One thing you wish you knew early on? The number of processes and the time it would take to ensure an optimum-quality product for the customer. From the tasting of the leaves and ingredients to the packaging collaterals, it can be time-consuming for a start-up. I had all the help I could get from my friends and family with the inventory.
Hardest part? Being able to bring Satori to life with the vision I had in mind. We had to ensure that the website and every collateral speaks to the customer of mindfulness, of an alternate way of living.
Are there challenges you faced as a woman in the business? There were no instances of gender discrimination in my experience, however, there is a lack of gender representation. Just like many industries, the tea industry is predominantly male. While the buying, auctioning and tasting happens by men, the plucking of leaves is allocated to women specifically for their nimble fingers and that’s where the role for most women ends. We work with some estates that are actively trying to change this generational role and assigning women higher roles along with more responsibility. While things are slowly changing, we have a long way to go.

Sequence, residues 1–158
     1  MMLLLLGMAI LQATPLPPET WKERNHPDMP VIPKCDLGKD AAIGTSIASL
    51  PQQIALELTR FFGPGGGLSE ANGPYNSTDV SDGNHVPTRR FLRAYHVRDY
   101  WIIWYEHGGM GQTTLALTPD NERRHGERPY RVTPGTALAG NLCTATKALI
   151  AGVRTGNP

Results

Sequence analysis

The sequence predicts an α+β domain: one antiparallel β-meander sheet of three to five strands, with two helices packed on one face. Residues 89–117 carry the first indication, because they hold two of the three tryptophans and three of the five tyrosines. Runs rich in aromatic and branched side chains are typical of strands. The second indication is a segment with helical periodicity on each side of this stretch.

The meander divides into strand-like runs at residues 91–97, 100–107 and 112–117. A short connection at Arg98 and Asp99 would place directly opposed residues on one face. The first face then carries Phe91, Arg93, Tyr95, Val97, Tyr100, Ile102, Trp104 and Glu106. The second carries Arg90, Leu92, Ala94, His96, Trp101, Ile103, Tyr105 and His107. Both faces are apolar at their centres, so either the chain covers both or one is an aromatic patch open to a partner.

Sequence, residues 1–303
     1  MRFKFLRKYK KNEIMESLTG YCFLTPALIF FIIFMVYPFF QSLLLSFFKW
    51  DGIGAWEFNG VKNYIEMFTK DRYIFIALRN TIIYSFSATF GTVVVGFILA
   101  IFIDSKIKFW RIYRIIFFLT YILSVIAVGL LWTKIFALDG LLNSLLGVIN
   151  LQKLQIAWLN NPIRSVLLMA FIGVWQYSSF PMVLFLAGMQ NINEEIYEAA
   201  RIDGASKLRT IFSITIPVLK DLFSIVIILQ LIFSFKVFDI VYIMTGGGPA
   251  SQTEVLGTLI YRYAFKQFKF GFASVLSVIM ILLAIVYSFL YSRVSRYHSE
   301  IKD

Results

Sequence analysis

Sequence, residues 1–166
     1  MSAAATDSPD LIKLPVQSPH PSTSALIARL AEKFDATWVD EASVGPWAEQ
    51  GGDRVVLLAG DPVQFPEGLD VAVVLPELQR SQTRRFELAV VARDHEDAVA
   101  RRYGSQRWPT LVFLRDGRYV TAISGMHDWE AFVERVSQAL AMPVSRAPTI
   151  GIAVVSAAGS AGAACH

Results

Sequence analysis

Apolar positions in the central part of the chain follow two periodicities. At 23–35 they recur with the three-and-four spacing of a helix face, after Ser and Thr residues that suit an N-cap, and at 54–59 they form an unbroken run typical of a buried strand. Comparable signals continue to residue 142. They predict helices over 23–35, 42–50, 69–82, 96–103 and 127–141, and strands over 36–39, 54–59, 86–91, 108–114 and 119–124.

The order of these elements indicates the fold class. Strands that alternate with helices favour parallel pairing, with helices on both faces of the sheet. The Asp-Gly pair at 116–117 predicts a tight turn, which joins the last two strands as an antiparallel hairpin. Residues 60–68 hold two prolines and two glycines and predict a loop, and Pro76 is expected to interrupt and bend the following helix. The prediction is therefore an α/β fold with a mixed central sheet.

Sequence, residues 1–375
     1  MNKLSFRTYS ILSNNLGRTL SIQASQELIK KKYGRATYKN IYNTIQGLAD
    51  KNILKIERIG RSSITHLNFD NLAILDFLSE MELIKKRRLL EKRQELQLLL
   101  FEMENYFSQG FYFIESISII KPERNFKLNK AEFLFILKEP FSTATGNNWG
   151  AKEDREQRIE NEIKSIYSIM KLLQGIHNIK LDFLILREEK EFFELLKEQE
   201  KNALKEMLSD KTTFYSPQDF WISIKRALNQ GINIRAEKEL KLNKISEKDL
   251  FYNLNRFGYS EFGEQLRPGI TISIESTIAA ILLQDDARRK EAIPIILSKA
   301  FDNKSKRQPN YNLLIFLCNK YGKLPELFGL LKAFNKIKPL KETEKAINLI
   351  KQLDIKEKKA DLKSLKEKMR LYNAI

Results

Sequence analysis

Advice? Do everything you do with love. I add a thank-you note to each box of tea as my way of connecting with the customer and hoping the tea will bring a little bit of joy.
Personal favourite teas? I have a weakness for Hojicha, Golden Twirl and Lavender Dream. A hot cup of Lavender Dream—a silver needle white tea blended with Himalayan lavender buds—soothes my nerves. For the hot summer days ahead, I would love to recommend a cold-brewed Lavender Dream: take 2.5gm of tea leaves and place in an empty bottle. Fill the bottle with 1L of filtered water at room temperature. Cap and place it in the fridge for five hours (don’t over-steep the tea). Then strain the brew with a strainer and serve chilled. You could also make it a cocktail by adding gin and topping with dried rosemary leaves. Don’t throw away the tea leaves, they can be re-used three times more.